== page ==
Reggie Bush sues NCAA over suggestion he was part of ‘pay-for-play’ plan


(NEW YORK) — Former football star Reggie Bush and his attorneys announced Wednesday he’s suing the NCAA, claiming the organization’s past statement suggesting that he had a “pay-for-play” arrangement was defamatory.

“Most recently, the NCAA has made a statement about me, accusing me of engaging in a pay-for-play arrangement, which is 100% not true. Not only is it not true, but there’s no evidence to even support that claim,” Bush said at the press conference.

The NCAA told ESPN in 2021 that it would not reinstate Bush’s 2005 season record and would not give him back the Heisman Trophy, despite rule changes that year that allowed college athletes to get paid for their name, image and likeness.

“Although college athletes can now receive benefits from their names, images and likenesses through activities like endorsements and appearances, NCAA rules still do not permit pay-for-play type arrangements,” an NCAA spokesperson told ESPN at the time. “The NCAA infractions process exists to promote fairness in college sports. The rules that govern fair play are voted on, agreed to and expected to be upheld by all NCAA member schools.”

Civil rights attorney Ben Crump, one of the lawyers representing Bush, said Wednesday that his client didn’t have a pay for play arrangement with the University of South California, but that he played for the team out of devotion to the school.

“Devotion that earned him many collegiate records and awards, including the Heisman Trophy, the highest honor bestowed on a college football player,” Crump said.

The lawsuit states that Bush’s reputation in his profession was “substantially and irreparably damaged” because of the NCAA’s statement.

“This action seeks to hold the NCAA accountable for its unlawful conduct and for the damages, mental anguish, humiliation, and embarrassment it has caused Mr. Bush by the NCAA’s false and defamatory statement,” the lawsuit reads.

A spokesperson for the NCAA told ABC News the organization “has no additional comment at this time.”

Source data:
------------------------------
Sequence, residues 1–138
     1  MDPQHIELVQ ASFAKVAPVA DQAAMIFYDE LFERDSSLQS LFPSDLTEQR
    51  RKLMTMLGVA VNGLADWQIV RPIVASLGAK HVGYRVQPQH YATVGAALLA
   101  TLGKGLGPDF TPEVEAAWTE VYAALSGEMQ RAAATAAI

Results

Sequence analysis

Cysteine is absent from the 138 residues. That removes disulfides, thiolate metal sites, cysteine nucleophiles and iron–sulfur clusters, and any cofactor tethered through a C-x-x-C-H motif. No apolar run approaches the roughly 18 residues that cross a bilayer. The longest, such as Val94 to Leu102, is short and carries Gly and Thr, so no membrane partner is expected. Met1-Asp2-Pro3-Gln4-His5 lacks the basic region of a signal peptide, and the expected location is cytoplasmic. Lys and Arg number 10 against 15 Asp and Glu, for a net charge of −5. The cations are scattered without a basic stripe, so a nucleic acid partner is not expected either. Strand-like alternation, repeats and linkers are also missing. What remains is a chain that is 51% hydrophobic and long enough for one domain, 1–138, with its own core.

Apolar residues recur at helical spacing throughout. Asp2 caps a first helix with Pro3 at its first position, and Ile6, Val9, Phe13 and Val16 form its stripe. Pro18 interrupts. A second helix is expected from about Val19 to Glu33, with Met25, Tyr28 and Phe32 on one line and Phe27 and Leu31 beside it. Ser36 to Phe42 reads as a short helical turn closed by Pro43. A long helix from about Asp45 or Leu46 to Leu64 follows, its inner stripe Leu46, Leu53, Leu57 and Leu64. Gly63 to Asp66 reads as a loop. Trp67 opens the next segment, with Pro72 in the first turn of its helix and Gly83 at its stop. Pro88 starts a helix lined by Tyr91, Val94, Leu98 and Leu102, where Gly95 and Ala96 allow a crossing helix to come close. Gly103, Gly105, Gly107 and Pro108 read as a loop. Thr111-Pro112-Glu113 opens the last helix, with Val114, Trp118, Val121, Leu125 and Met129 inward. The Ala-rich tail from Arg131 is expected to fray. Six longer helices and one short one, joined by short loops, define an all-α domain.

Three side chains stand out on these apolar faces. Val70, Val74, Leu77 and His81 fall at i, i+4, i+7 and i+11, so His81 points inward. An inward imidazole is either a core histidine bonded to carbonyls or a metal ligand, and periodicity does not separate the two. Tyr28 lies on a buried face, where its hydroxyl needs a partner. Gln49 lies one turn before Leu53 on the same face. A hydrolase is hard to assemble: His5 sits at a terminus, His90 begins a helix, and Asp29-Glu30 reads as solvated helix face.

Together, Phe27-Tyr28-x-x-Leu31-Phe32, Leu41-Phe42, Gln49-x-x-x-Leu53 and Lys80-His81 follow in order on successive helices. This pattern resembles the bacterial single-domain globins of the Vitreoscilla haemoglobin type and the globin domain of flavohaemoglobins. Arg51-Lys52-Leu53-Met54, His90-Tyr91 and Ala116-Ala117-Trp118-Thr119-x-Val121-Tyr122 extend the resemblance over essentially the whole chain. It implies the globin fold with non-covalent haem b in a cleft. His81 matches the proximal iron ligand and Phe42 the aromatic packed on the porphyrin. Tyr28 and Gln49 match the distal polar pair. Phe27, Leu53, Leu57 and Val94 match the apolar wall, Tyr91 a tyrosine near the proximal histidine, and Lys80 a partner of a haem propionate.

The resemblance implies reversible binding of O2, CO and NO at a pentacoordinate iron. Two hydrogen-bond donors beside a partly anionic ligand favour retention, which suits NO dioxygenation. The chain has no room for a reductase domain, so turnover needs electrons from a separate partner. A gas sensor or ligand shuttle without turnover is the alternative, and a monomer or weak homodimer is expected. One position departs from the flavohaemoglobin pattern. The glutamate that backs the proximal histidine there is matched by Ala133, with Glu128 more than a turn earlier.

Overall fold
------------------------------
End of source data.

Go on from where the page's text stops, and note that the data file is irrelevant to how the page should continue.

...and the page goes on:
The NCAA sanctioned USC in 2010 with a two-year postseason ban, loss of 30 scholarships and forfeiture of 14 victories, including the 2004 BCS national championship, for Bush receiving gifts from a pair of sports marketers who were trying to recruit him to USC, according to ESPN.

The organization accused the two sports marketers of paying for hotels, a rent-free home where Bush’s family lived, a limousine and a new suit for Bush which he wore when he accepted his 2005 Heisman, ESPN said.

As part of the sanction, Bush had to disassociate from the school for 10 years. The disassociation period ended in June 2020, according to ESPN.

Following the NCAA’s 2021 decision to allow college athletes to get paid for their likeness, the Heisman Trust, which awards the Heisman Trophy, said if the NCAA were to restore Bush’s 2005 season record, then he would be able to get his Heisman back, according to ESPN.

Bush’s name does not appear on a list of past Heisman Trophy winners on the Heisman Trust’s website.

“Give back the Heisman to Reggie,” Levi McCathern, another of Bush’s attorneys, said at the press conference. “Give back USC’s 14 wins, but more importantly, we’re asking the public here today … give Reggie Bush his good name back.”

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